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Archive for January, 2014

ValleyWhen God had filled the earth with life
And blessed it, to increase,
Then cattle dwelt with creeping things,
And lion with lamb, at peace.
He gave them vast, untrodden lands,
With plants to be their food;
Then God saw all that he had made
And found it very good.
Praise God the Father of all life,
His Son and Spirit blest,
By whom creation lives and moves,
In whom it comes to rest.
 
– From the Stanbrook Abbey Hymnal (used in the Liturgy of the Hours, Evening Prayer)
 
Image from Wikipedia; text from http://www.universalis.com

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I learned about this website via a radio interview I was listening to on my way to work yesterday.  I had hoped to post the informational video last night, but got busy (you know how it is).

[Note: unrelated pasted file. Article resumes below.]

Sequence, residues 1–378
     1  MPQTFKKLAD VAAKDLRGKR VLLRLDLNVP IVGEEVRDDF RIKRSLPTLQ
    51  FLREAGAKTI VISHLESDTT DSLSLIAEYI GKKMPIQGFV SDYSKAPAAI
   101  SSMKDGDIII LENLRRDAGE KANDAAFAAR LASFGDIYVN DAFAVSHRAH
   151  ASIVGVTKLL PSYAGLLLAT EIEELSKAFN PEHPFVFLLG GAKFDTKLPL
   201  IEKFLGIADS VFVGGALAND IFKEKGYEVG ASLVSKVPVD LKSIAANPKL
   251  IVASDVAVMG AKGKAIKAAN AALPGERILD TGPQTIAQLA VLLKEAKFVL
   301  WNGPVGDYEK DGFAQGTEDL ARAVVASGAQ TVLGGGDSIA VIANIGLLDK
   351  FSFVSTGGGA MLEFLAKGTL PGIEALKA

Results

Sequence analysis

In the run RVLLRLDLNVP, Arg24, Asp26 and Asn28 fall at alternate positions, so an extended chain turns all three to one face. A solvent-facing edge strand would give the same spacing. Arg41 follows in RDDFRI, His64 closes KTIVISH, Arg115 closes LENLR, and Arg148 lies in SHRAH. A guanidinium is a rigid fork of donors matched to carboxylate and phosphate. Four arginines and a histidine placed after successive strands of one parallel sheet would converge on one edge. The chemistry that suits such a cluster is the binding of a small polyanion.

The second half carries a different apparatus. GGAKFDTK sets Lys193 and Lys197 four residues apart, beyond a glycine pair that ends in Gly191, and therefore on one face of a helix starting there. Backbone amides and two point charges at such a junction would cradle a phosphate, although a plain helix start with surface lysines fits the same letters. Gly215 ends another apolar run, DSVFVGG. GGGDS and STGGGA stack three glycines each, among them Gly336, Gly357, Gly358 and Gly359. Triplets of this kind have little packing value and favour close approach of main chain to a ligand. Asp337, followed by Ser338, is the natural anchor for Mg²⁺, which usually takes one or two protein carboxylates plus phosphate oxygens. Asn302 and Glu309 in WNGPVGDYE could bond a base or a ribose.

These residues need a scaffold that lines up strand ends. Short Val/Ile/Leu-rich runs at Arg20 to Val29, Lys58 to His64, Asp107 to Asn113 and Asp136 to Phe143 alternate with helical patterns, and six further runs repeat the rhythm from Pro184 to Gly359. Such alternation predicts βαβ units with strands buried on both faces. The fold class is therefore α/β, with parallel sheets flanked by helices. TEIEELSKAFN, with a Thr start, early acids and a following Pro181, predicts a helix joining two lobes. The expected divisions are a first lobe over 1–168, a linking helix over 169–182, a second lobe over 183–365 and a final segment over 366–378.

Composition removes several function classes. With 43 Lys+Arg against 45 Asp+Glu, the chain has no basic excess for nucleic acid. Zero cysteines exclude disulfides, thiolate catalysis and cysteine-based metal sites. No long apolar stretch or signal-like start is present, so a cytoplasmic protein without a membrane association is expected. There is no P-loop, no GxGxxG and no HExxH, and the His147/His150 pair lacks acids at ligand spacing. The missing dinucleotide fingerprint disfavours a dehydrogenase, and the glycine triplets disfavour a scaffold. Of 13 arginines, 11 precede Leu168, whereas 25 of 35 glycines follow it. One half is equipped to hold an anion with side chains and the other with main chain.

Anyway, here it is now.  Please check it out — it’s well worth your time.

Website link: http://www.ucantberased.com

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I’ve been meaning to see this movie for quite some time, and was finally able to do so recently by the courtesy of a relative.

Very powerful and moving film, based on the true story of a family miraculously reunited after being separated by the 2004 tsunami in Thailand.  The film overall shows how certain primal themes of the human soul can come to light in the midst of great catastrophe.

Bennet-Family-The-Impossible

We meet the Bennet family — consisting of dad Henry (Ewan McGregor), mom Maria (Naomi Watts), and sons Lucas, (Tom Holland), Thomas (Samuel Joslin), and Simon (Oakley Pendergrast) — as they vacation in Thailand for Christmas; they are relaxing and playing by the pool at their resort, and then the tsunami hits…virtually washing everything away.